I can now officially say I have been in business for myself, one month. Although that’s such a small period of time for any business, I thought I would review some of the things I’ve learned thus far.
As you know, just over a month ago I “quit the rat race” to start my own business. I took $5,000 of my savings (it eventually turned into more than $7,000) as start-up costs. Then I just went after it, and worked towards building my business 100% of my waking hours. I’m both exhausted and exhilarated–as they say, it doesn’t feel like work when you’re building something all your own.
My first few days as a “business owner” were spent as a furniture builder, a marketing student, and a telephone harasser of various venders. I was lucky to procure great office space from a friend, which enabled me to transition faster than expected.
Get Over Your Issues With Money
The toughest part of being the owner of a business offering professional services, is that you have to believe in what you’re offering. Early on, there have been many instances where clients have tried to haggle me on prices. I sometimes have a self-defeating tendency towards money, but I have to date fought it off.
I believe that I get to pick my own charities. I also believe that if I do not hold firm, I will myself become a charity. This is sometimes easier said than done, particularly because so many people are hurting right now financially. As the saying goes, however: “It’s better to not work, and not get paid. Than to work, and to not get paid.”
My firm pricing is a great way to separate true prospective clients from pretenders. That said, I’ve also done some free or charitable work.
Maybe You Should Charge More
It may seem counterintuitive, but sometimes charging more can help attract clients. In the first few days of my business, I was offering just about the lowest price in town. Unfortunately, this wasn’t helping me close deals with prospective clients. The only clients it was helping me with were the clients I least wanted to work with–those who only cared about price. (and thus, those most likely to stiff me later on).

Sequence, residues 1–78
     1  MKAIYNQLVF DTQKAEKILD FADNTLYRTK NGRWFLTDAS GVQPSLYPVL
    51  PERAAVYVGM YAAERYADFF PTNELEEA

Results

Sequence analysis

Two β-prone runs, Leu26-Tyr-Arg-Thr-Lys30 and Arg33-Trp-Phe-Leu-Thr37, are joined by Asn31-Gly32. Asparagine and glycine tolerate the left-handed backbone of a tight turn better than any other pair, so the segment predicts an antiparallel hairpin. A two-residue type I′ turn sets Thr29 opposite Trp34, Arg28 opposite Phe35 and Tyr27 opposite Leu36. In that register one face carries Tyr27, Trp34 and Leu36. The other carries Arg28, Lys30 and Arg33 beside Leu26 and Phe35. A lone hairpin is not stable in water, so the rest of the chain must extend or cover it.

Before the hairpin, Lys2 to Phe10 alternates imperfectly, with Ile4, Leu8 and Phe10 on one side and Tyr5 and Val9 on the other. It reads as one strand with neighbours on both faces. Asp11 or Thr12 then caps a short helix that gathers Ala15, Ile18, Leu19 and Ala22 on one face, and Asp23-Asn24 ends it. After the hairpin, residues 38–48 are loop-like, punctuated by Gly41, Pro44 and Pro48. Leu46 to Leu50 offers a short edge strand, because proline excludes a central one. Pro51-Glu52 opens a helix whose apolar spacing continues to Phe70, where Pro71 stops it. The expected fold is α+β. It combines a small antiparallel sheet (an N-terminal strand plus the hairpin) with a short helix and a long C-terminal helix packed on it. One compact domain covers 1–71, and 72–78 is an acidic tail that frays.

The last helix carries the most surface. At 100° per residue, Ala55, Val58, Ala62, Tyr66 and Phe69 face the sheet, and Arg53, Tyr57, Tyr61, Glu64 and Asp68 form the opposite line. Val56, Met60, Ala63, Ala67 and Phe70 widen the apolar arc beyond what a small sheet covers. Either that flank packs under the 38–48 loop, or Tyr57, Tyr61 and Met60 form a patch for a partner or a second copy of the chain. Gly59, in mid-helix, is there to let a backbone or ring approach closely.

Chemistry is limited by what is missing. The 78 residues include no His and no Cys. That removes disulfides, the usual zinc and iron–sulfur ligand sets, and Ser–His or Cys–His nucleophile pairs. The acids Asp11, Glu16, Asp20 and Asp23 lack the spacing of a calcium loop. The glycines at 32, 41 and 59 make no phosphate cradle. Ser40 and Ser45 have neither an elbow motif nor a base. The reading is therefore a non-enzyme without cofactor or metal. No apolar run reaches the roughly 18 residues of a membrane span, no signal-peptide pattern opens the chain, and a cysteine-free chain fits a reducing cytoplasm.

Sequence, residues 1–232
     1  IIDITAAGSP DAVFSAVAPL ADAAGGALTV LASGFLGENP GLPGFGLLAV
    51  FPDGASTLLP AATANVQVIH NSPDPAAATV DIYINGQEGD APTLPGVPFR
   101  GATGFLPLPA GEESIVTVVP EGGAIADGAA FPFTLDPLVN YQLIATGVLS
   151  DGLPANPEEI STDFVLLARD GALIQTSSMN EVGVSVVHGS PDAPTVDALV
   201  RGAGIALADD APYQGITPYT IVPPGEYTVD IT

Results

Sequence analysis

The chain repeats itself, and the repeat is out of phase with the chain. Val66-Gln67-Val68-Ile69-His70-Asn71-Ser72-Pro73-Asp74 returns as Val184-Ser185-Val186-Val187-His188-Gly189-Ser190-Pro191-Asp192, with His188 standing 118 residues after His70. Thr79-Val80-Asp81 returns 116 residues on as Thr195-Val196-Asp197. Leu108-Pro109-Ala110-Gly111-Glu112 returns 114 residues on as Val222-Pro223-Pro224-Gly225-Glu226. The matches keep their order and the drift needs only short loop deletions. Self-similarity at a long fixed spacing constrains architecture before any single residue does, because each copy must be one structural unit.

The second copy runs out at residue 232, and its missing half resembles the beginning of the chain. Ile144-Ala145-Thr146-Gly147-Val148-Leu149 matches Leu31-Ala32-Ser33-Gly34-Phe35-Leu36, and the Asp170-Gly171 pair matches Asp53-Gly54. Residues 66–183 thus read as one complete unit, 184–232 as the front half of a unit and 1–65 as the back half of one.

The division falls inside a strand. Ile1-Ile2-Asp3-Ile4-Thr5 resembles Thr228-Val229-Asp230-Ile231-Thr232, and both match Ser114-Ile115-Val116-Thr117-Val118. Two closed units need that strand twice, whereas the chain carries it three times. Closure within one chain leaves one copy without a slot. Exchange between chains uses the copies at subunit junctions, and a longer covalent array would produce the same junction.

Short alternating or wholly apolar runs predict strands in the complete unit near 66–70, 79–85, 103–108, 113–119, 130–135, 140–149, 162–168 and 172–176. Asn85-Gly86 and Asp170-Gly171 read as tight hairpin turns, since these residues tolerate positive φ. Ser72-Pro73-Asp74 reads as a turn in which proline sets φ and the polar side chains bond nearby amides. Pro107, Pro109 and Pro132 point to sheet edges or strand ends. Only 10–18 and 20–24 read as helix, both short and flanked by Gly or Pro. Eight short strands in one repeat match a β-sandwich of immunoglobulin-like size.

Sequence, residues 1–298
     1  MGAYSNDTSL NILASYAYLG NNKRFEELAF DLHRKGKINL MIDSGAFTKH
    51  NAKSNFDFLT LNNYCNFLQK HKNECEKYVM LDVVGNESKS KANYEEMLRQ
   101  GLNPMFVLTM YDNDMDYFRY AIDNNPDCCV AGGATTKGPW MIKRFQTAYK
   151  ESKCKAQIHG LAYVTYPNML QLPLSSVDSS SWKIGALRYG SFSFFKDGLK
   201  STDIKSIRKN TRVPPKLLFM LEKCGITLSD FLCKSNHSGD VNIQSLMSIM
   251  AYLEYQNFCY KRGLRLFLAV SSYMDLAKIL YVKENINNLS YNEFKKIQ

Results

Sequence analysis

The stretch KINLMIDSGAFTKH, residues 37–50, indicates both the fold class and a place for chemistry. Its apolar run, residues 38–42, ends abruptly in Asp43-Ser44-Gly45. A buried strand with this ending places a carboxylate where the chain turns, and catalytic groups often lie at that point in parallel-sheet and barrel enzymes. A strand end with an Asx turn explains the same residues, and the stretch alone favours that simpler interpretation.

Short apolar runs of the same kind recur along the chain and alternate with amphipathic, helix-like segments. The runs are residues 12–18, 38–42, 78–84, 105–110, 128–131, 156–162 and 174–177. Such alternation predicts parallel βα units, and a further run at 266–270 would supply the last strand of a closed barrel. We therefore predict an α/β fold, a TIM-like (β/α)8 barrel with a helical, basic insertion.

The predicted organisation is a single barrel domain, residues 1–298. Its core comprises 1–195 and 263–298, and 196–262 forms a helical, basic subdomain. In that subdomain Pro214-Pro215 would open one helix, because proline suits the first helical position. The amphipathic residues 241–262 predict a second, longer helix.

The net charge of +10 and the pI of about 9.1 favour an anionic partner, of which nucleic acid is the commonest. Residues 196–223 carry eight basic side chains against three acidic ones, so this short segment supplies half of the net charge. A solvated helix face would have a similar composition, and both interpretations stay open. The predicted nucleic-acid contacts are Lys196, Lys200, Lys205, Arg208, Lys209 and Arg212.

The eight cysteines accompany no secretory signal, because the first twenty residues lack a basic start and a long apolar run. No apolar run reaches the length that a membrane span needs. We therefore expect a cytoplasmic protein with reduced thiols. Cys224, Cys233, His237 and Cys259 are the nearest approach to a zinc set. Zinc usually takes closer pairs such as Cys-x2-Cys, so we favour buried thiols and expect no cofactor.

A mentor-type figure suggested that my price was too low. He said that people might be suspicious by how low my price was. Again, this was likely just me having my own issues with money.
I raised the price so that it was more in line with market expectations. Thereafter, I have been signing up a much higher percentage of prospective clients. Although this advice may not work with every industry, in mine it appears there is a feeling amongst clients that you only get what you pay for.
This is easier said than done. It’s something I have to tell myself every
day hour. When you first start a business, the telephone won’t be ringing off the hook. There will be days where you don’t make any money. There will be weeks, months, and maybe even a year or two where you simply break even or even lose money. If you’re like me, you’ll already know this in your heart. And yet, if you’re like me, you’ll still feel waves of self-pity and self-doubt. Leaving behind a comfortable and steady paycheck for an uncertain future is not easy to do. Even the most successful of businesses have lulls or quiet spells. Learning to “maintain,” mentally, can be the difference between success and failure in a new business.
But Be ProActive
There’s a difference between maintaining a cool confidence and simply not pushing hard enough. If you don’t have any clients, then your time should be spent finding clients. You may have to spend some money, and make advertising, direct mailing, and other marketing attempts. A press release and/or a “grand opening” celebration may help get the word out. And don’t forget to rely upon your natural network of friends, former colleagues, and family members.
There are certain things we’ve all heard so many times that they are cliched. These old standards have been overplayed more than Jay-Z’s “New York,” and yet should be obeyed. I recently learned firsthand that the reward for “not burning bridges,” with your former employer really can be referrals. Having a “solid business plan” and adequate startup capital are necessary to success. Don’t forget the basics, even as you push towards new and creative solutions. And don’t forget to call on friends or mentors when you’re feeling down or need advice.
The revenue for my first month was much higher than I ever expected. It didn’t match the $7,000.00 I spent in startup costs, but most of those costs are one-time or once a year expenses. If my revenue stays the same moving forward, I should be well on my way to a successful business. So far, I’m loving every second that I’m out of “the Rat Race.”